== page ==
FL2: SW affidavit didn’t support nexus to home; GFE not applicable

The affidavit for search warrant here didn’t show nexus to defendant’s home, and the good faith exception doesn’t carry it. Smitherman v. State, 2022 Fla. App. LEXIS 1715 (Fla. 2d DCA Mar. 11, 2022):

According to the affidavit, the investigation solely concerned the contents of the package, and the Cal Cove home’s only connection to any illegal activity was that Smitherman brought the package there. Once law enforcement detained Smitherman in the garage while he was holding the contents of the package, they had obtained all the evidence of the only crime they were investigating. Based on the allegations in the affidavit, law enforcement could only speculate that additional evidence would be present in the house, and speculation alone cannot support probable cause. See Garcia v. State, 872 So. 2d 326, 330 (Fla. 2d DCA 2004) (holding that a warrant application failed to establish probable cause when it relied on speculation rather than evidence establishing a fair probability that drugs would be present).

While Smitherman’s opening of the package at the Cal Cove home may have suggested some link between the home and Smitherman’s alleged trafficking, that event, standing alone, did not create a probability that further narcotics or similar evidence of trafficking would be present at that location. See Dyess v. State, 988 So. 2d 146, 149 (Fla. 1st DCA 2008) (holding that the defendant’s involvement in a controlled drug sale in a grocery store parking lot did not create probable cause for a search of the defendant’s home, even when the defendant went straight home after the sale because “[w]hile it could certainly be inferred that Appellant might have other drugs and paraphernalia in the residence, this inference is nothing more than speculation”).

The State contends that the good-faith exception to the exclusionary rule should apply to the fruits of the warrant for the Cal Cove home, asserting that “there can be no way that the detailed and accurate affidavit and warrant presented to and approved by a Circuit Judge in the case at bar can be seen as so deficient as to not meet the good faith exception.” See generally United States v. Leon, 468 U.S. 897, 922, 104 S. Ct. 3405, 82 L. Ed. 2d 677 (1984) (holding that the exclusionary rule does not apply when an officer acts in “objectively reasonable reliance on a subsequently invalidated search warrant”). But our precedent is to the contrary. “Where, as here, the supporting affidavit fails to establish probable cause to justify a search, Florida courts refuse to apply the good faith exception.” Garcia, 872 So. 2d at 330 (first citing Getreu v. State, 578 So. 2d 412 (Fla. 2d DCA 1991); and then citing Bonilla v. State, 579 So. 2d 802 (Fla. 5th DCA 1991)). A reasonably trained law enforcement officer would have known that the affidavit in this case failed to establish probable cause for the search, so the good-faith exception does not apply.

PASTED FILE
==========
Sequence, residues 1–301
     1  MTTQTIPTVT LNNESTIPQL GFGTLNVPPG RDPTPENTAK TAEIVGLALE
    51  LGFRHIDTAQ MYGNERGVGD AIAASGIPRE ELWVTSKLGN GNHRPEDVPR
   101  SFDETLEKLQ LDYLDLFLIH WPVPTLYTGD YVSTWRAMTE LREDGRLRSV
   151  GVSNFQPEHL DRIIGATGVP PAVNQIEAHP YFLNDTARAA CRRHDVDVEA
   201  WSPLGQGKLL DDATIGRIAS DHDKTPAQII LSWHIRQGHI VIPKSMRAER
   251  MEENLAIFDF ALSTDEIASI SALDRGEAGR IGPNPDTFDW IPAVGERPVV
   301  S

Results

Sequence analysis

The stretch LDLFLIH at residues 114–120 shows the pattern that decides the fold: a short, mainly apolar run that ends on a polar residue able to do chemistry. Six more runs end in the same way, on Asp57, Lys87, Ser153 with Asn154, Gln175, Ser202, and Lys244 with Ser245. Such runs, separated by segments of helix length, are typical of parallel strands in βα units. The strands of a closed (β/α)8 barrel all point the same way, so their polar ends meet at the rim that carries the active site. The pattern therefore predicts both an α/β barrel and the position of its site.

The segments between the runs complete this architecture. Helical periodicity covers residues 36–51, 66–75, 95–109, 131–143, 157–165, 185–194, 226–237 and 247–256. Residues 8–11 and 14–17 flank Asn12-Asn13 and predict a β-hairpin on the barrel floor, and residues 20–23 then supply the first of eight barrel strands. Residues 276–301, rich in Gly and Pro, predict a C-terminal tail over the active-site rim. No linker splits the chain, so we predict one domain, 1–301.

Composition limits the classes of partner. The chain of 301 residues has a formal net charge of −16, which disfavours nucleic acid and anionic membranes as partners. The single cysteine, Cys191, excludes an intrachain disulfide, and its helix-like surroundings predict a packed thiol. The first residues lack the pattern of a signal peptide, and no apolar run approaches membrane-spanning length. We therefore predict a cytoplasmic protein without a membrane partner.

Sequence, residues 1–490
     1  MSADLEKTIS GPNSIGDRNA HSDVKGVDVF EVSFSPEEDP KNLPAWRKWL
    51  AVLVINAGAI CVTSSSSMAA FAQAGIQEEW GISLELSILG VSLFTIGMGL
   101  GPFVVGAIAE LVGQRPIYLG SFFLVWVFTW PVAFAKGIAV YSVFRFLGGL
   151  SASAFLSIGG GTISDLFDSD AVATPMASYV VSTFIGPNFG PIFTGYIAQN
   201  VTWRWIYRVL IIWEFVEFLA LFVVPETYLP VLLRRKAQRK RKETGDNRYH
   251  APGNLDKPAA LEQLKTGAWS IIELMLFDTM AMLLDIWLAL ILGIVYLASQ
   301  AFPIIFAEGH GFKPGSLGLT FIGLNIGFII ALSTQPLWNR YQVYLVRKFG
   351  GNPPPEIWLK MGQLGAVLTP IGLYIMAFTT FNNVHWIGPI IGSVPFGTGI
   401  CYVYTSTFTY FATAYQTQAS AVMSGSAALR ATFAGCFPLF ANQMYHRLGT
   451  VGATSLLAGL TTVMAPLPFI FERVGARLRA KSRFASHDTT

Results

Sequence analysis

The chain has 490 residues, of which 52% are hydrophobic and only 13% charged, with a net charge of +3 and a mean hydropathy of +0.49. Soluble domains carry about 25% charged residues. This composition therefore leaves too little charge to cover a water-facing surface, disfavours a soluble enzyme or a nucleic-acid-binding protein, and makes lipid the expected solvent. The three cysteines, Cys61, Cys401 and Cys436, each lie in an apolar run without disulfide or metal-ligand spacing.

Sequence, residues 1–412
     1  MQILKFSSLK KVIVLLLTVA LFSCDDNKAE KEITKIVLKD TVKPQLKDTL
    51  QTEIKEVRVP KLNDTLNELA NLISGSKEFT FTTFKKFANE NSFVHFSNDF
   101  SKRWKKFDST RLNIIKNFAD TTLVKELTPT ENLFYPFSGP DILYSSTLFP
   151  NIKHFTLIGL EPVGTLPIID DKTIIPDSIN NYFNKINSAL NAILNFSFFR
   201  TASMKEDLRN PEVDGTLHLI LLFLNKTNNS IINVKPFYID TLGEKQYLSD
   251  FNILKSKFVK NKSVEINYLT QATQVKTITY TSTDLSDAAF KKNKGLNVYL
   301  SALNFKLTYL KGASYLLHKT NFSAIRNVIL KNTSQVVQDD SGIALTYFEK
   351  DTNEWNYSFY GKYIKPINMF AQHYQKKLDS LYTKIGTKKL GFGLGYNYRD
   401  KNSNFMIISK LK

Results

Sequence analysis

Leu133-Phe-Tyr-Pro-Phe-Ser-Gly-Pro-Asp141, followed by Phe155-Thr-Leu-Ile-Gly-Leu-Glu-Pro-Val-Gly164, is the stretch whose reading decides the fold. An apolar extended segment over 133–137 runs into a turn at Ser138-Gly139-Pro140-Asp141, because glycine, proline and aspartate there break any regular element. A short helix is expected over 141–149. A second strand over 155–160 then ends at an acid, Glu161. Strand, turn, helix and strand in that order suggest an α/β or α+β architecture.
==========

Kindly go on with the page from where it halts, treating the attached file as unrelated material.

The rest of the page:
Accordingly, because the sworn application for the warrant to search the Cal Cove home failed to demonstrate probable cause therefor, we reverse Smitherman’s convictions related to the fruits of that search (counts two, three, and four).

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